For intrauterine transfusion (IUT) specific red cells are provided by UK Blood Services, irradiated to prevent TA-GvHD.
A fetus (21/40) was referred to a fetal medicine centre (FMC), severely anaemic (parvovirus) requiring urgent IUT. Maternal blood was transfused to fetus. Following poor cardiac output, further emergency intracardiac transfusion gave improvement. At 32/40 baby was delivered, severely hydropic and pancytopenic (aplasia later confirmed by marrow aspirate). Hyperbilirubinaemia and fungal chest infection followed. Mother was HLA homozygous. Chimerism studies confirmed maternal engraftment and TA-GvHD. Baby underwent stem cell transplantation, but died of pneumonitis. The case was reported to the Serious Hazards of Transfusion (SHOT) national haemovigilance scheme.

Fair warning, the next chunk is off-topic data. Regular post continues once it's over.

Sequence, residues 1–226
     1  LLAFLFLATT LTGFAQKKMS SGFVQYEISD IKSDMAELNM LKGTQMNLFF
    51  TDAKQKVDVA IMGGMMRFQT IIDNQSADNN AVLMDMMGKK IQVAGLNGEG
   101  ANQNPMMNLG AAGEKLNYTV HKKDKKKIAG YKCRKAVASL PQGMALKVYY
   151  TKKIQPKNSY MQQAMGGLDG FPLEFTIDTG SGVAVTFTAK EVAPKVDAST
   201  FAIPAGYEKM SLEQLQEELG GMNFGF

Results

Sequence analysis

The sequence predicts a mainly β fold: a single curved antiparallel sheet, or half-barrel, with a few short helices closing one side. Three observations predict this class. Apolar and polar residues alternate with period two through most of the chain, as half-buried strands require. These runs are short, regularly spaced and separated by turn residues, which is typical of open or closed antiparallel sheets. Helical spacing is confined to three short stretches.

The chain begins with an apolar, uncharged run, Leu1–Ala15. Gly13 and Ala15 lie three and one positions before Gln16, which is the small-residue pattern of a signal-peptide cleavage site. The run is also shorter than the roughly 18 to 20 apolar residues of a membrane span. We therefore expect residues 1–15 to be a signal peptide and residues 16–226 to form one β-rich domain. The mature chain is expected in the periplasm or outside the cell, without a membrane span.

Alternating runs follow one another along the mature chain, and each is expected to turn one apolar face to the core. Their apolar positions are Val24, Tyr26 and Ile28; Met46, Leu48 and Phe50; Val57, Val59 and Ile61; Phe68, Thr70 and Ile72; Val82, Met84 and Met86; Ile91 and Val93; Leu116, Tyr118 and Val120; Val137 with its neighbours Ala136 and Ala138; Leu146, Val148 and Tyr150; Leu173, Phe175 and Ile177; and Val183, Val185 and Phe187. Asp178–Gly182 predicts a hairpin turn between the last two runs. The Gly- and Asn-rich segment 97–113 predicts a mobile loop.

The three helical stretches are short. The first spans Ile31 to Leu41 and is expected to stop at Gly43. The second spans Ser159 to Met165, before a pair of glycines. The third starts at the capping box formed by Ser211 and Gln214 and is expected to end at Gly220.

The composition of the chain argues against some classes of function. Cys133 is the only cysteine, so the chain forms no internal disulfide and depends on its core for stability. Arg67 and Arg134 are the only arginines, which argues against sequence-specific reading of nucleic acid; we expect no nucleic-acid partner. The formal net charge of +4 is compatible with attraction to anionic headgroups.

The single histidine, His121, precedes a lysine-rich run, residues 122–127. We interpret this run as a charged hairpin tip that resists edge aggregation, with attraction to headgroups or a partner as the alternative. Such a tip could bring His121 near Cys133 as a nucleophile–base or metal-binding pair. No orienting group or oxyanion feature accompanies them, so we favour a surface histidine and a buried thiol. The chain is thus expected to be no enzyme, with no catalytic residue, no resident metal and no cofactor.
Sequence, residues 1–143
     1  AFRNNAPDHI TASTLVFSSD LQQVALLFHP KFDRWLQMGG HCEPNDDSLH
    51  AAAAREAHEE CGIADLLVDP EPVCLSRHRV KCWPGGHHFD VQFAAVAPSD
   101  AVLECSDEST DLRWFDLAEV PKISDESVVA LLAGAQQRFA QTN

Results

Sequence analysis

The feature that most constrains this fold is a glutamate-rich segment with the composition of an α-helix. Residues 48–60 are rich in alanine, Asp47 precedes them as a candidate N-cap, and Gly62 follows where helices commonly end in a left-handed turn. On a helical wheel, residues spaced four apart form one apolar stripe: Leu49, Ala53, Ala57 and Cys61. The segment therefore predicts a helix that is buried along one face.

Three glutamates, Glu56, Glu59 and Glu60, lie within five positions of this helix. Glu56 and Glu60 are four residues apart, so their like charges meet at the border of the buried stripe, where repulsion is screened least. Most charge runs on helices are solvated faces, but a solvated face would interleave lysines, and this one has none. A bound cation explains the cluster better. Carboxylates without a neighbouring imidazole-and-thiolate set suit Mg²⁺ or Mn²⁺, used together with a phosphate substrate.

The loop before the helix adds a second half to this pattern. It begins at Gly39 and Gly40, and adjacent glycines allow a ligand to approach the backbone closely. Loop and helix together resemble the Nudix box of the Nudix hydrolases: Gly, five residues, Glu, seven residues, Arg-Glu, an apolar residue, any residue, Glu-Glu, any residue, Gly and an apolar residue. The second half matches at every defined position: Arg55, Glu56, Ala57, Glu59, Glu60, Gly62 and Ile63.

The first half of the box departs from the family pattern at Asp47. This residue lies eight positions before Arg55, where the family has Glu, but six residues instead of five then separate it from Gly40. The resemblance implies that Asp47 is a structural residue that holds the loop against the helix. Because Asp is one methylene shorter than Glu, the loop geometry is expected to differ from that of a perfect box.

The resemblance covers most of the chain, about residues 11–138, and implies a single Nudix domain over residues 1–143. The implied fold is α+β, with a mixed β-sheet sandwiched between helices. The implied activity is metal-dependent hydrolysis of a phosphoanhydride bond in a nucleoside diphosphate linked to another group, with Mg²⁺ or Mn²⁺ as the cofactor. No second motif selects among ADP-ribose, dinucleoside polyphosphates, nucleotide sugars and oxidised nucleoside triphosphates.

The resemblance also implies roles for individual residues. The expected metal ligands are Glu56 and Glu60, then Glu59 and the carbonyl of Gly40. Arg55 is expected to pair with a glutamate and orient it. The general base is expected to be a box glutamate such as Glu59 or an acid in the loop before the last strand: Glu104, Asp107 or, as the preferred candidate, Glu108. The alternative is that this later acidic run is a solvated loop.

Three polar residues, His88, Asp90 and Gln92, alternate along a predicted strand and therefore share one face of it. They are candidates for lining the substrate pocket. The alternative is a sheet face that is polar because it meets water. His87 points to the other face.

A questionnaire was sent to the other 15 FMCs in England and Scotland to establish wider practice.
15/15 centres replied. 1/15 had used maternal blood (non-irradiated), once in 5 years, for bleeding during platelet IUT. 2/15 had used non-IUT blood (leucodepleted), for 8 IUTs: 1 irradiated neonatal exchange blood, rest non-irradiated neonatal ‘paedipacks’. 10/15 would transfuse alternative red cells if IUT units unavailable in emergency, 5/15 would not/had not. Preferred alternative varied, 3/11 would consider maternal blood.
This rare case of TA-GvHD occurred following high-risk transfusion: to a fetus, with fresh, HLA homozygous, maternal blood, neither irradiated or leucodepleted. Use of maternal blood for IUTs is unusual in UK centres. Maternal blood for IUT is not recommended in the UK. FMCs should develop transfusion protocols for emergency red cell provision for IUT. Alternatives include neonatal paedipacks or exchange transfusion units, irradiated whenever possible.